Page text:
Oksana Selekhmeteva

Oksana Olegovna Selekhmeteva (Russian: Окса́на Оле́говна Селехме́тьева; Russian pronunciation: [ɐˈksanə sʲɪlʲɪˈxmʲetʲɪ̯ɪvə]; born 13 January 2003) is a Russian tennis player. Selekhmeteva has a career-high singles ranking by the Women's Tennis Association (WTA) of 128, set on 8 August 2022, and a best doubles ranking of 150, achieved on 11 July 2022.

Oksana Selekhmeteva
Selekhmeteva RG22 (29) (52143032722).jpg
Selekhmeteva at the 2022 French Open
Full nameOksana Olegovna Selekhmeteva
Country (sports) Russia
Born (2003-01-13) 13 January 2003 (age 20)
Kamenka, Penza Oblast, Russia
Height1.72 m (5 ft 8 in)
Turned pro29 October 2018
PlaysLeft-handed (two-handed backhand)
Prize moneyUS$ 187,558
Career record107–56 (65.6%)
Career titles2 ITF
Highest rankingNo. 138 (8 August 2022)
Current rankingNo. 188 (12 December 2022)
Grand Slam singles results
Australian Open1R (2023)
French Open1R (2022)
US OpenQ1 (2022)
Career record58–26 (69.0%)
Career titles7 ITF
Highest rankingNo. 150 (11 July 2022)
Current rankingNo. 238 (12 December 2022)
Last updated on: 14 December 2022.

Selekhmeteva won two junior Grand Slam titles in doubles – the 2019 US Open and 2021 French Open. She also reached the final of the 2019 Wimbledon girls' doubles tournament.[1]

Junior careerEdit

As a junior, Selekhmeteva posted a 78–44 win–loss record in singles and 83–31 in doubles, and reached as high as world No. 7 in the combined junior rankings in January 2021.[2]

She won two junior Grand Slam doubles titles (each on a different surface) with two different partners – 2019 US Open with Kamilla Bartone[3] and 2021 French Open with Alex Eala.[4] She also finished runner-up at the 2019 Wimbledon Championships, partnering with Bartone.

She competed for the Russian team at the 2018 Summer Youth Olympics, reaching quarterfinals as an unseeded player and being the only player to win a set off eventual gold medalist, Kaja Juvan.[5]

Junior Grand Slam results - Singles:

  • Australian Open: 1R (2020)
  • French Open: SF (2021)
  • Wimbledon: 2R (2019)
  • US Open: SF (2019)

Junior Grand Slam results - Doubles:

  • Australian Open: –
  • French Open: W (2021)
  • Wimbledon: F (2019)
  • US Open: W (2019)

Professional careerEdit

2018–2019: First ITF tournaments, WTA debutEdit

In 2018, Selekhmeteva competed in her first professional tournament at the $15k event in Sant Cugat, qualifying for the main draw after defeating two top 800 oppositions despite being unranked.[6] It was her only professional tournament of the year.

She played more ITF tournaments in 2019 while simultaneously competing in the junior events. She made her WTA Tour debut at the St. Petersburg Trophy, but lost to world No. 194, Magdalena Fręch, in a tight three-setter.[7] She then backed it up with her first quarterfinal at the $25k level, defeating third seed Olga Ianchuk to reach the quarterfinals at the RWB Ladies Cup.

The Russian competed in her second WTA tournament at the Kremlin Cup having received another wildcard into the qualifying draw. This time, she lost to good friend Polina Kudermetova, in straight sets.[8]

Selekhmeteva ended the year ranked 781, having accumulated a 10–8 win–loss record at the professional level.[9]

2020: First doubles titleEdit

She had to wait until September to reach her first singles quarterfinal of the year at the $25k event in Marbella[10] after the tour was halted due to the COVID-19 pandemic. Her first professional title came at the same tournament, alongside Alina Charaeva.[11] She reached another $25k quarterfinal in Las Palmas, Gran Canaria, this time defeating top 300 players Daniela Seguel and Amandine Hesse.[12]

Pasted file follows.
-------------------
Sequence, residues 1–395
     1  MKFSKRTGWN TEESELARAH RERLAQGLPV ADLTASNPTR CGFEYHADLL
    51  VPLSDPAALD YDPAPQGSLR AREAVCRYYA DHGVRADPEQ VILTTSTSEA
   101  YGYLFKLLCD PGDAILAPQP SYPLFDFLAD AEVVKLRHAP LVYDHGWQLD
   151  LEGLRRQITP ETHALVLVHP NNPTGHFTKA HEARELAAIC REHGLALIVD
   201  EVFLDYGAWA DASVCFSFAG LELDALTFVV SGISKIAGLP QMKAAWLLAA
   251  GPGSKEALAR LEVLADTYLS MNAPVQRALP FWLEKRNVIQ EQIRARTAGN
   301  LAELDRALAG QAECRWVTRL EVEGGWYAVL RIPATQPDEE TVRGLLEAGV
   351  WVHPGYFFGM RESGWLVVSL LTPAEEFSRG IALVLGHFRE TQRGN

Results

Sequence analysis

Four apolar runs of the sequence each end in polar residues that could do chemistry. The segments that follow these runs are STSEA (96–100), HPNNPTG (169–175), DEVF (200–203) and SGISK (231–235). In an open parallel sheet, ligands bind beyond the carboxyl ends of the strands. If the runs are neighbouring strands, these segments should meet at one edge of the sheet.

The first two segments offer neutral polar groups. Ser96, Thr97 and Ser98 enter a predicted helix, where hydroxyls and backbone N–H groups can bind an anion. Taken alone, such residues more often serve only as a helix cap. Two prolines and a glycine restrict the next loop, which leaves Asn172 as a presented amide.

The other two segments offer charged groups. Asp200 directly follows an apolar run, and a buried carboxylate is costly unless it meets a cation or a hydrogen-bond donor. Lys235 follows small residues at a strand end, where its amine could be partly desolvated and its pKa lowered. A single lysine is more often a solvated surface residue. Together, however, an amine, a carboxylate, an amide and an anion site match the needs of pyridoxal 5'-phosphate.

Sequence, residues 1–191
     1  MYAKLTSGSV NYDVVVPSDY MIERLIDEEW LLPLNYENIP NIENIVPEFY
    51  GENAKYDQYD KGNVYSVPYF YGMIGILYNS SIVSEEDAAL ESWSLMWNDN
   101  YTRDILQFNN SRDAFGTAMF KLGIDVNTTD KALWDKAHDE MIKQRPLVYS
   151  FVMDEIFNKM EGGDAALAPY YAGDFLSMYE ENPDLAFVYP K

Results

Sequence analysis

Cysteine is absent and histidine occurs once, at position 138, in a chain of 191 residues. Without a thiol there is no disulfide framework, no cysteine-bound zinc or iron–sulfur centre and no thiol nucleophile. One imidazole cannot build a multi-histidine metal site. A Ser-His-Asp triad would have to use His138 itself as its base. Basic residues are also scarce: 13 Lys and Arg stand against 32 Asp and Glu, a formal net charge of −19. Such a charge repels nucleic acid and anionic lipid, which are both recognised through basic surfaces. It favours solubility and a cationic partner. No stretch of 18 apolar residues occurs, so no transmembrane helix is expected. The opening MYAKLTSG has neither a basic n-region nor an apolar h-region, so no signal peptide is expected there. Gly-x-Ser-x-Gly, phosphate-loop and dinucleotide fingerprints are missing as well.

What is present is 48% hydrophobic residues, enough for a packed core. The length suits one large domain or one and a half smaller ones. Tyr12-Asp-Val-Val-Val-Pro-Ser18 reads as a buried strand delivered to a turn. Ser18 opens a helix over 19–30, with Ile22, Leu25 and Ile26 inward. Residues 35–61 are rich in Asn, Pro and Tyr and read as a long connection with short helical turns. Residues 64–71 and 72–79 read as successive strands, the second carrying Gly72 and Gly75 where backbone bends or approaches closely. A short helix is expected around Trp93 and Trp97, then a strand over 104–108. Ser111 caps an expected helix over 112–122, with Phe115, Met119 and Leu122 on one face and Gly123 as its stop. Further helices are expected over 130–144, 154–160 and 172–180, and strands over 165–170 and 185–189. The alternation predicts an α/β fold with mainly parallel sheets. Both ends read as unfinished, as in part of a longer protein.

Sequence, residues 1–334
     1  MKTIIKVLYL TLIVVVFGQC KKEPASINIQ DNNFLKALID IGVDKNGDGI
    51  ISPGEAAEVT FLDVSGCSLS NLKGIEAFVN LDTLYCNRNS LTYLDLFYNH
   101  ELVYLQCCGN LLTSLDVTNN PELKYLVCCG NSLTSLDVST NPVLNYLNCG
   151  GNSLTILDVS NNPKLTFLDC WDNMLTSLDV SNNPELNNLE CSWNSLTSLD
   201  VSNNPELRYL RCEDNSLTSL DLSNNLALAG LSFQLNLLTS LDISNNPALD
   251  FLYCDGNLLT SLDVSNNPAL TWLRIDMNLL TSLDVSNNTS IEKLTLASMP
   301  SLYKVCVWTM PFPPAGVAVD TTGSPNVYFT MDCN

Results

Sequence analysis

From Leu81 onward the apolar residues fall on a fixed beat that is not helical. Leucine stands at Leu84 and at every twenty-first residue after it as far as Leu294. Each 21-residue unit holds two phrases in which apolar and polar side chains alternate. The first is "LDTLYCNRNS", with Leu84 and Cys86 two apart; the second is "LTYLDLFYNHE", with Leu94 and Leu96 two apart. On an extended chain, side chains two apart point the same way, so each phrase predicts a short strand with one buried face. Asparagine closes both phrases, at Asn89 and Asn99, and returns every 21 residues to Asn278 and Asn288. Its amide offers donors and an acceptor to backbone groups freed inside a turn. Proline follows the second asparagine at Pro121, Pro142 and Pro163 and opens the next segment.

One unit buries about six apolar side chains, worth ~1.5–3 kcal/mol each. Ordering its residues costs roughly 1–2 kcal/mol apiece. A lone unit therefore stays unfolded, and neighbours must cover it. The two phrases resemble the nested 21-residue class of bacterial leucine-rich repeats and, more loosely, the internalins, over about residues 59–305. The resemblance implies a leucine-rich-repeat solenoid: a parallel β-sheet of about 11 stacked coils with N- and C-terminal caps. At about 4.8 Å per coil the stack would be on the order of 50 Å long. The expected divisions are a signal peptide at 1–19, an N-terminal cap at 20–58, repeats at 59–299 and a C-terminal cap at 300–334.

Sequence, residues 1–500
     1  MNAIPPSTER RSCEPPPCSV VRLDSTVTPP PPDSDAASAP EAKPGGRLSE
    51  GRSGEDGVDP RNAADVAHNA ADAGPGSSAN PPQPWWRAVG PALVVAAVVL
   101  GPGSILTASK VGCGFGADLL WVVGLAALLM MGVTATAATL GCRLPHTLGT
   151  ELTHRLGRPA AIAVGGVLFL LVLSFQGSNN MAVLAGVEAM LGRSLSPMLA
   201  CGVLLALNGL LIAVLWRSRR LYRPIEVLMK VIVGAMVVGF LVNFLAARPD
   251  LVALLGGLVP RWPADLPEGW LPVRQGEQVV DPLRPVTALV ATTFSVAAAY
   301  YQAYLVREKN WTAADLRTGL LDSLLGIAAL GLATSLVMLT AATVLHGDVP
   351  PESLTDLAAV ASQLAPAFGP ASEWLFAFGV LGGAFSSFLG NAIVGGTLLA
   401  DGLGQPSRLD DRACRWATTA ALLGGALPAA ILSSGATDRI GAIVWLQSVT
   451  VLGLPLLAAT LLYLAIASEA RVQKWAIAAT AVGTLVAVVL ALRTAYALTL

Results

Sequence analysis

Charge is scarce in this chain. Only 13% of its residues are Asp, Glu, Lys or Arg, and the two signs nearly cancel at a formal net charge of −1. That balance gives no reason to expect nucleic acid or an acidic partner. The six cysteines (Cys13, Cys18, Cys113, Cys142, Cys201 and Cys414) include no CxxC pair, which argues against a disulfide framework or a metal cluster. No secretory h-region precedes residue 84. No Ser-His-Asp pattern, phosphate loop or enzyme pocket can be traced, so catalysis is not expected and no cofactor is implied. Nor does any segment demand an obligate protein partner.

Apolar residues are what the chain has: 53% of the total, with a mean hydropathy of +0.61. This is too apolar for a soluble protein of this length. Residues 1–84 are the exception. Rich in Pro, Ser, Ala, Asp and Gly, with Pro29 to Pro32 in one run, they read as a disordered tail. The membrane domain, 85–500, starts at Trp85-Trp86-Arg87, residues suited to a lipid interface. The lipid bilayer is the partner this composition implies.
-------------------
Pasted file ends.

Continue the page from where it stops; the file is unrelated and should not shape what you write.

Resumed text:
Selekhmeteva ended the year with a 17–8 win–loss record in singles, and three doubles titles (14–1 win–loss).[9]

2021: First ITF singles title, top 250Edit

Selekhmeteva in 2021

Selekhmeteva reached her first professional singles final at the $15k event in Manacor, defeating good friend Alex Eala along the way.[13] She defeated Suzan Lamens in straight sets in the final.[14] In doubles, she enjoyed a 19-match winning streak which started from 2020, picking up two titles in Manacor alongside Ángela Fita Boluda.

After reaching the semifinals of the French Open in the junior tournament and winning the doubles title alongside Eala,[4] she fully concentrated on her professional career and did not play any more junior events. Her first event after was the $60k Open Montpellier, reaching the biggest quarterfinal of her career after losing just 15 games, including qualifying. She lost to second seed Mayar Sherif in straight sets. She entered the $100k Grand Est Open 88, where she qualified for the main draw and earned the biggest win of her career over world No. 98, Martina Trevisan, Roland Garros quarterfinalist a year ago, in the first round. Three consecutive great runs ended with a runner-up result at the $60k Open de Biarritz, winning six consecutive matches in straight sets from qualifying to reach her biggest career final.[15] She lost to top seed Francesca Jones in the final, but won the doubles title alongside Kamilla Bartone.[16] With these results, Selekhmeteva cracked the top 400 for the first time in her career.

Despite having a month's break, Selekhmeteva returned to reach yet another $60k quarterfinal, this time at the ITF Maspalomas where she fell to Sherif once again, though this time she won a set.[17] She also won the biggest doubles title of her career at this tournament with Elina Avanesyan.[18] She continued to achieve good results, making the singles semifinals at the $80k Open de Valencia, earning two top 200 wins in the process despite needing to qualify for the main draw. Her run ended in the hands of the eventual champion Trevisan.[19] Another doubles final followed, this time partnering Ángela Fita Boluda.[20]